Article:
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Hawks' Havlat hits 'em where it hurts
There is more to being tough than dropping the gloves or delivering a big hit.
Sometimes it means refraining from retaliation after you're drilled with a clean hit--and then making a big play.
Martin Havlat not only was one of the best players on the ice Thursday night in the Blackhawks 3-1 victory over the Predators, but perhaps the toughest as well.
In the first period, Havlat set up the Hawks' first goal long before he closed the scoring with an empty-netter after Jeff Hamilton scored the game-winner midway through the third.
Havlat has eight points in three games--four goals and four assists--but it was his poise that stood out against the Predators.
With the puck at his feet and battering-ram Jordin Tootoo closing in on him, Havlat was able to get the puck to center ice and Radim Vrbata just before Tootoo blasted him.
Vrbata then found Michal Handzus, who beat goalie Chris Mason to give the Hawks a 1-0 lead.
It would have been easy for Havlat--a marked man in the opening period--to strike back and take a cheap penalty against Tootoo that would have ended the play before the goal.
"Sometimes you have to take a hit to make a play and [Havlat] did," Hawks goaltender Nikolai Khabibulin said. "It was a perfect case of leading by example."
After Havlat had a four-point night in the season opener at Nashville, the Predators were determined to hit him at every opportunity Thursday night. Havlat not only expected it but was unfazed.
"That's normal, and that's hockey," he said.
Havlat didn't even have a problem with Tootoo's blow.
"It was a pretty good hit," he said.
Once the Predators decided to play instead trying to hit Havlat, they gradually took control of the game and tied it on Jason Arnott's shot at 5 minutes 31 seconds of the third period.
Nashville then had a two-man advantage for 1:26, but the Hawks killed the penalties and then took the lead on Hamilton's second goal of the season.
For the Hawks, the victory could be pivotal because they go on the road for three of their next four games above .500 at 2-1. It's only the second time since the 1996-97 season that the Hawks are above .500 after three games.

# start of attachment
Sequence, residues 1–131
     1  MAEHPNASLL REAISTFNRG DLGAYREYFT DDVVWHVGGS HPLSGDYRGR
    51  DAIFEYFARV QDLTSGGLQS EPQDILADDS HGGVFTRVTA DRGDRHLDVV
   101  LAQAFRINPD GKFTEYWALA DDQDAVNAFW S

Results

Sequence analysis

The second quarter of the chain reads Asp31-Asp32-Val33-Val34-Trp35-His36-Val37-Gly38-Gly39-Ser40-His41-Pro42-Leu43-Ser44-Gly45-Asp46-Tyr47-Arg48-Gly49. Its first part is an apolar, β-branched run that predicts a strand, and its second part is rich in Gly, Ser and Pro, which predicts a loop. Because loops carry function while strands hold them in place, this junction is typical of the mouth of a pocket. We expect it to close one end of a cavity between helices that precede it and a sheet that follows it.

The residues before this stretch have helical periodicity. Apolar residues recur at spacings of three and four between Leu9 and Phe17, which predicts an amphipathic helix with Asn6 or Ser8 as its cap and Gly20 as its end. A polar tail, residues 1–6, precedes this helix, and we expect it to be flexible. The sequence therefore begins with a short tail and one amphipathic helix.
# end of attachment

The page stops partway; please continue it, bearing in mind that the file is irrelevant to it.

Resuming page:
"You don't want to lose at home," Khabibulin said. "Our home record is going be important to make the playoffs."
The announced crowd of 8,008 is believed to be the smallest since the Hawks moved into the United Center in January 1995. . . . Despite being "awesome" in practices recently, according to Hawks coach Trent Yawney, Matt Keith and Adam Burish were healthy scratches for a third straight game. Both may see action in games in St. Louis on Saturday and in Denver on Monday. . . . The Hawks are believed to be in the market for a defenseman and a roster move may come after Monday's game in Colorado. If the Hawks don't trade for an NHL defenseman, they may bring one up from Norfolk and send either Keith, Burish or Reed Low down. . . . Low had five shifts Thursday for 3:07 in ice time and seven minutes in penalties. ... Yawney said defenseman Brent Seabrook isn't on the power play because he wants to give him "a [little] break. He's not here to carry the team. We just want to get his foundation set and he'll be back on the power play soon." Yawney added that Seabrook has to earn a spot on the power play and "he has struggled early, by his own admission. We want to put him in situations to succeed. To put him on the power play when he's struggling isn't the right idea."